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Annual Report 2013

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Release date: 2013-11

The year 2013 has marked the beginning of a new era at BICC with the introduction of a dual leadership structure. Conrad Schetter was appointed Director for Research in March and his position is combined with a newly established professorship for Peace and Conflict Research at the University of Bonn. This joint role is intended to intensify BICC’s academic approach and at the same time strengthen intellectual exchanges with the University of Bonn. Michael Dedek, Director for Administration, complements the management team.

A process of reorientation has now begun that will accompany us for several years to come. The Center is aiming to combine those areas of its work that have proved successful and worth maintaining with new impulses and topic areas. This 2013 Annual Report, which gives an account of BICC’s activities between July 2012 and June 2013, already bears witness to this realignment. From now on, our new concept is to focus on providing a critical and policy relevant analysis of the dynamics of organized violence. This forms the core of what we understand by “Conversion Studies” and involves three levels: ConceptsMeans, and Practices

At the Concepts level, we intend to take a closer look at how the perception of war and its concomitant processes is changing. For example, Conrad Schetter considers “Military interventions of the future” in the Editorial and analyzes interventions in the context of the trend towards technological innovations (p. 7).

The term Means refers to the immediate material dimension of organized violence: It comprises small arms as well as global military expenditures and arms exports. In the context of small arms control, in 2012/13 we have studied the dangers of MANPADS (Man-Portable Air Defense Systems) and the possible uses of “smart” technologies (p. 14). Our expertise on the safe storage of small arms and on the development of conventional control mechanisms is also in great demand. Our experts who live and work locally use our research when advising the governments of South Sudan (p. 16) and Sudan (p. 17) on capacity development.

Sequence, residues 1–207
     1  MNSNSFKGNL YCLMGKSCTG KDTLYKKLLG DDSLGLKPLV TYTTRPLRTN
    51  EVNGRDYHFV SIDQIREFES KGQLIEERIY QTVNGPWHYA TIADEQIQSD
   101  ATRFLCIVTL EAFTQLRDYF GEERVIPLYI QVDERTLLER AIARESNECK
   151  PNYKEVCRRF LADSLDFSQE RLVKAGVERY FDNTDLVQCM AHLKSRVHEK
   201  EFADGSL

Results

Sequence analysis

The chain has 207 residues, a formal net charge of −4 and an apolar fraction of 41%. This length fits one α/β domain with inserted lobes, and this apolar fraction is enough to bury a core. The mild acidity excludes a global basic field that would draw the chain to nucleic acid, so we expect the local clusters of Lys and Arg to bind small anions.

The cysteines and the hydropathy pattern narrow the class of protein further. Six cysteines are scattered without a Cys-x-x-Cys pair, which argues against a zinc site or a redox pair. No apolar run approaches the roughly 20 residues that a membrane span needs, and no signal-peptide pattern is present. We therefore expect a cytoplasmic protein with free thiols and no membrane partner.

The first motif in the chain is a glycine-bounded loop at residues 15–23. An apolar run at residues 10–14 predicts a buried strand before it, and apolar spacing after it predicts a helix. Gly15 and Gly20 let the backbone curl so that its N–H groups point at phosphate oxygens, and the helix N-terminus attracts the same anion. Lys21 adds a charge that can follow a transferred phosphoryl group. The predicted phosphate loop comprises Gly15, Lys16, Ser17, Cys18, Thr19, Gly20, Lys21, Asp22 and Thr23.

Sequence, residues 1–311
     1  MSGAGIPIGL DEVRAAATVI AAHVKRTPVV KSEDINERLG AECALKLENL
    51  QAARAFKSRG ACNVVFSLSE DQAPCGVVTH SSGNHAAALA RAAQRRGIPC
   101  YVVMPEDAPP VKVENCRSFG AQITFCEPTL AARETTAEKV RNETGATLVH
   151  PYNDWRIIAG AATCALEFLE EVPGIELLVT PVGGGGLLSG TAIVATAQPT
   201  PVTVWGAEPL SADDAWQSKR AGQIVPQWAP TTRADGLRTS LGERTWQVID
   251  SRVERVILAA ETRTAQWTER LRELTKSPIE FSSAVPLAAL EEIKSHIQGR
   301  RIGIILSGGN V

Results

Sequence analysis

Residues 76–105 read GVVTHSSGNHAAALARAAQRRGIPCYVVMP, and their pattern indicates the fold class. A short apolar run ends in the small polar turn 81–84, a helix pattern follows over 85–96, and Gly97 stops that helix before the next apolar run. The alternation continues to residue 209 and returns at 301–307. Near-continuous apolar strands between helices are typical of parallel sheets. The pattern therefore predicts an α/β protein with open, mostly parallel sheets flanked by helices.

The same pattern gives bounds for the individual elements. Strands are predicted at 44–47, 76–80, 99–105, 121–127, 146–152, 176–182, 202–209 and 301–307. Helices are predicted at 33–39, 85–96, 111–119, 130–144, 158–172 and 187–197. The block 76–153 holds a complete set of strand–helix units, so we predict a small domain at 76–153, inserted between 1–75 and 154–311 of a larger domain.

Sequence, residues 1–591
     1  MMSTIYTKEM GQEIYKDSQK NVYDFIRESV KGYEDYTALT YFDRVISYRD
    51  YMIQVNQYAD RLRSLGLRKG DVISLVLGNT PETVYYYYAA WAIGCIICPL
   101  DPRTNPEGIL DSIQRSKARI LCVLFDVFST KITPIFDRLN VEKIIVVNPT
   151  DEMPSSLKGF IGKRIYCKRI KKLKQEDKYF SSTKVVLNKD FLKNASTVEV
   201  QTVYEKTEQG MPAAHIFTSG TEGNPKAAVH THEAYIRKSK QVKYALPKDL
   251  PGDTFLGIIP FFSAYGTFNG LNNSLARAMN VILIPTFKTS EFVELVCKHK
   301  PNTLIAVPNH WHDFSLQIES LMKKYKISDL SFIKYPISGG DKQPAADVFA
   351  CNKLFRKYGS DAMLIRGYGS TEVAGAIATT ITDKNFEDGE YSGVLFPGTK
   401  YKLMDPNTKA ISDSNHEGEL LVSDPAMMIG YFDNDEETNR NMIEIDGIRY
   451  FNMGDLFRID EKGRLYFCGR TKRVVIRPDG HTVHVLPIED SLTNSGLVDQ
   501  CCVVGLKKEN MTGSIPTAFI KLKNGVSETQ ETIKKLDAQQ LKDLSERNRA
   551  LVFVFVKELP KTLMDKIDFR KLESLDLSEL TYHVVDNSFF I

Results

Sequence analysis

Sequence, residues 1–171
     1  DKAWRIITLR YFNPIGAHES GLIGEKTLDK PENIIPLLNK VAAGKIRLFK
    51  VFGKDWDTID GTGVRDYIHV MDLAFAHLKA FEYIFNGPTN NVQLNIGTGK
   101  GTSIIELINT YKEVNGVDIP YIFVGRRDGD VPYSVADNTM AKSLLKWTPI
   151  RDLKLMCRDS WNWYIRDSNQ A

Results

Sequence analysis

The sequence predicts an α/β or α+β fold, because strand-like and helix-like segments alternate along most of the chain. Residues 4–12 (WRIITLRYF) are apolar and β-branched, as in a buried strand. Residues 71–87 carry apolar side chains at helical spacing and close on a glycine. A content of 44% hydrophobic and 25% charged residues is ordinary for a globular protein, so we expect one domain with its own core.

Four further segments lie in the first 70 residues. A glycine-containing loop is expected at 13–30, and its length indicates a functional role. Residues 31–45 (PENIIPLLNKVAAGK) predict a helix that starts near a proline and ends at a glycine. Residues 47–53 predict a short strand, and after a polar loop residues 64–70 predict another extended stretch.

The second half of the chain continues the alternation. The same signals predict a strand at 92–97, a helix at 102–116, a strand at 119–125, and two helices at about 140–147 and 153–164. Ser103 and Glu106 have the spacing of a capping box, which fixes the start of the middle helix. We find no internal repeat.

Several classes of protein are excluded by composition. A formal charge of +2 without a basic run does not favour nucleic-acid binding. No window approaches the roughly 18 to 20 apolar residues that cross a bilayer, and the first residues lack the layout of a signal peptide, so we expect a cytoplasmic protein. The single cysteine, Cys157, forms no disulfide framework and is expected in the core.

BICC’s 2013 Global Militarization Index (GMI) shows that the Middle East remains the world’s most highly militarized region (p. 10). We analyze global arms expenditures and trends regarding global and German arms exports. 

We have launched the “War and Peace” Internet portal in association with the German Federal Agency for Civic Education (p. 18). The data and facts it contains on the dynamics and means of organized violence represent a unique instrument in the field of political education. 

Military sites are also included under Means. The conversion of former military sites is one of BICC’s classic tasks. In this area too, best practices demonstrate the introduction of new ideas (p. 20).  

With the term Practices, we refer to the entire process of discernible changes in organized violence and are currently focusing our attention on military regimes that are involved in situations of upheaval. We are conducting research on the political economy of the military in countries of the Arab Spring (p. 22). A further project is devoted to studying in how far the role of the military in Myanmar and various potentials for conflict are influencing the country’s transformation and what this means for Germany’s foreign cultural and education policy (p. 21). 

“Natural Resources” and “Migration and Borders” are two further key areas of our work. These highly relevant societal topics also show evidence of organized violence. 

The Annual Report takes up the links between organized violence and natural resources in three project reports. In this context, we are using various methods—including remote sensing and field research—to study the interrelationships between conflict constellations and the exploration of resources such as small-scale coal mining in Afghanistan (p. 25) and mining for gold, diamonds and oil in South Sudan, Chad and the Democratic Republic of the Congo (p. 24). A new project is raising the question of in how far the construction of large solar power plants in North Africa is having an effect on existing conflict constellations or can provoke new conflicts (p. 23).